Roberts v. Galen of Va., Inc.
525 U.S. 249 (1999)

Annotate this Case

OCTOBER TERM, 1998

Syllabus

ROBERTS, GUARDIAN FOR JOHNSON v. GALEN OF VIRGINIA, INC., FORMERLY DBA HUMANA HOSPITALUNIVERSITY OF LOUISVILLE, DBA UNIVERSITY OF LOUISVILLE HOSPITAL

CERTIORARI TO THE UNITED STATES COURT OF APPEALS FOR THE SIXTH CIRCUIT

No. 97-53. Argued December 1, 1998-Decided January 13, 1999

The Emergency Medical Treatment and Active Labor Act (EMTALA) places screening and stabilization obligations upon hospitals and emergency rooms that receive patients suffering from an emergency medical condition. Among other things, the statute requires a hospital with an emergency department to provide "an appropriate medical screening examination" for an emergency room patient, 42 U. S. C. § 1395dd(a); requires the hospital to provide either medical examination and treatment to stabilize the patient, or for transfer to another medical facility, § 1395dd(b); and authorizes civil fines and a private cause of action for violations of the statute, § 1395dd(d). A severely injured Wanda Johnson was rushed to respondent's hospital and remained there, in a volatile state of health, for about six weeks. She was then transferred to another facility, where her condition deteriorated significantly. Petitioner Roberts, her guardian, filed a § 1395dd(d) action, alleging § 1395dd(b) violations. The District Court granted respondent summary judgment on the grounds that petitioner had failed to show that either the medical opinion that Johnson was stable or the decision to transfer her was caused by an improper motive. The Sixth Circuit affirmed, holding that § 1395dd(b) requires proof of an improper motive.

Held: Section 1395dd(b) does not require proof that a hospital acted with an improper motive in failing to stabilize a patient. The Sixth Circuit's holding extended earlier Circuit precedent deciding that § 1395dd(a)'s "appropriate medical screening" duty also required proof of an improper motive. See Cleland v. Bronson Health Care Group, Inc., 917 F.2d 266. There, the court was concerned that the term "appropriate" might be interpreted incorrectly to permit federal liability under EMTALA for any violation covered by state malpractice law. Id., at 271. However, § 1395dd(b)'s text contains no appropriateness requirement, nor can it reasonably be read to require an improper motive. The Court declines to address, at this stage of the litigation, respondent's two alternative grounds for affirming the decision below.

111 F.3d 405, reversed and remanded.


250

Per Curiam

Joseph H. Mattingly III argued the cause and filed briefs for petitioner.

James A. Feldman argued the cause for the United States as amicus curiae urging reversal. With him on the brief were Solicitor General Waxman, Assistant Attorney General Hunger, Deputy Solicitor General Kneedler, and Barbara C. Biddle.

Carter G. Phillips argued the cause for respondent. With him on the brief were Jacqueline Gerson Cooper and Thomas S. Calder.*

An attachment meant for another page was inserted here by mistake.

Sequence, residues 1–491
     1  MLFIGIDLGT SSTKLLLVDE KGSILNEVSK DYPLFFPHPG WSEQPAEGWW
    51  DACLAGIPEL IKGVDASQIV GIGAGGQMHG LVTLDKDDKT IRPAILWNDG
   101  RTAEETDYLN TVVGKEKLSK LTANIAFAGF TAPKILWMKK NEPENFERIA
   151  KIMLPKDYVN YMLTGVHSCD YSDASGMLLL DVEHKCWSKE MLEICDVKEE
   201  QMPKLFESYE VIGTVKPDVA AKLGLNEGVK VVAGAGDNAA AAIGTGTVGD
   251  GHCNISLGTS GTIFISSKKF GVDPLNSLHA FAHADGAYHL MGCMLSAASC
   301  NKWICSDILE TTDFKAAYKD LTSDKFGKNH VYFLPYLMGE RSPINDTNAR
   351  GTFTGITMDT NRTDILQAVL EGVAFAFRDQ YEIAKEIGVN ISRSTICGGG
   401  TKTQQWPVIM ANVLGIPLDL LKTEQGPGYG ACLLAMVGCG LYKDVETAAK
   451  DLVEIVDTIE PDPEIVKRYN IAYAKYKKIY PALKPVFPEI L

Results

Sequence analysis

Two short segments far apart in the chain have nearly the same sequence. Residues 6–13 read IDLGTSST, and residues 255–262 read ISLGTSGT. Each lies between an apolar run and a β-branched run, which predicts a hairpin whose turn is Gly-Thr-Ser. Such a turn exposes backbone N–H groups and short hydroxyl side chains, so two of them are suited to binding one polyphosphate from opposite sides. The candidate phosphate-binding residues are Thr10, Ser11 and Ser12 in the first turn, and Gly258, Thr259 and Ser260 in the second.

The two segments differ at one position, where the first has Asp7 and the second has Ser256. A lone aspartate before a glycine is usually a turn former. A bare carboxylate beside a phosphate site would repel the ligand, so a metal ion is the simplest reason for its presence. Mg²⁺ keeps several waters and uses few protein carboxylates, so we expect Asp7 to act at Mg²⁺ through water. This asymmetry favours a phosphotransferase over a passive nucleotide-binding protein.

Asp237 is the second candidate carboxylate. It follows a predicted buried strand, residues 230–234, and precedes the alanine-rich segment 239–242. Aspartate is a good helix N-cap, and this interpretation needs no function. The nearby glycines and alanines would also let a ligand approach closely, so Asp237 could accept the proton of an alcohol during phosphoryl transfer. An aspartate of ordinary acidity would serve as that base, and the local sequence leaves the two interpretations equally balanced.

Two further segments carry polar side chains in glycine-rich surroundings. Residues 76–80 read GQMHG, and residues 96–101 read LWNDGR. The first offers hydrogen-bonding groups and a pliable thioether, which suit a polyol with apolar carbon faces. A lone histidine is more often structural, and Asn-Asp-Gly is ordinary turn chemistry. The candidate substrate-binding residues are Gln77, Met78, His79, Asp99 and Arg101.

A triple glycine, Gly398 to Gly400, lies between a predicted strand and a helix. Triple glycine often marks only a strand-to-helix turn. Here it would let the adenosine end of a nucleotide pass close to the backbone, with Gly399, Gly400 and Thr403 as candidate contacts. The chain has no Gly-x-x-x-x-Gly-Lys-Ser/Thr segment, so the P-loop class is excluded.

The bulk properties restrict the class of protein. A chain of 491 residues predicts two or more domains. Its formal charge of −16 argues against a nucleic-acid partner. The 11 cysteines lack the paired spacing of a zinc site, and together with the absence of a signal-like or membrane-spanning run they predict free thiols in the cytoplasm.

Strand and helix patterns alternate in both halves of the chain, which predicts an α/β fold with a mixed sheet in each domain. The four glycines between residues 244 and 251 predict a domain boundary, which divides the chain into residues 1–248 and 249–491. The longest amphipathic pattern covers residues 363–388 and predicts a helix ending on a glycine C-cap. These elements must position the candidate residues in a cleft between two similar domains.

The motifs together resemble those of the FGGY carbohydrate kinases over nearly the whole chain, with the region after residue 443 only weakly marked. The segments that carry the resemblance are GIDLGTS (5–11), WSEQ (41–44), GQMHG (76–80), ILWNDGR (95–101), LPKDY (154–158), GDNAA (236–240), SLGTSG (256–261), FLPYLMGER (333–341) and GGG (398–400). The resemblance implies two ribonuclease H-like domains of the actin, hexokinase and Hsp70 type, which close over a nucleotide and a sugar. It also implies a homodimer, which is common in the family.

PER CURIAM.

The Emergency Medical Treatment and Active Labor Act (EMTALA), as added by § 9121(b) of the Consolidated Omnibus Budget Reconciliation Act of 1985, 100 Stat. 164, and as amended, 42 U. S. C. § 1395dd, places obligations of screening and stabilization upon hospitals and emergency rooms that receive patients suffering from an "emergency medical condition." The Court of Appeals held that in order to recover in a suit alleging a violation of § 1395dd(b), a plaintiff must prove that the hospital acted with an improper motive in failing to stabilize her. Finding no support for such a requirement in the text of the statute, we reverse.

Section 1395dd(a) imposes a "[m]edical screening requirement" upon hospitals with emergency departments: "[I]f any individual ... comes to the emergency department and a request is made on the individual's behalf for examination or treatment for a medical condition, the hospital must provide for an appropriate medical screening examination within the capability of the hospital's emergency department." 42 U. S. C. § 1395dd(a). Section 1395dd(b), entitled "Necessary

*Martha F. Davis filed a brief for the NOW Legal Defense and Education Fund et al. as amici curiae urging reversal.

Thomas W Merrill, Michael L. Ile, Leonard A. Nelson, and Robert M.

Portman filed a brief for the American Hospital Association et al. as amici curiae urging affirmance.


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stabilizing treatment for emergency medical conditions and labor," provides in relevant part as follows:

"(1) In general

"If any individual (whether or not eligible for benefits under this subchapter) comes to a hospital and the hospital determines that the individual has an emergency medical condition, the hospital must provide either-

"(A) within the staff and facilities available at the hospital, for such further medical examination and such treatment as may be required to stabilize the medical condition, or

"(B) for transfer of the individual to another medical facility in accordance with subsection (c) of this section .... "

Section 1395dd(c) generally restricts transfers of unstabilized patients, and § 1395dd(d) authorizes both civil fines and a private cause of action for violations of the statute.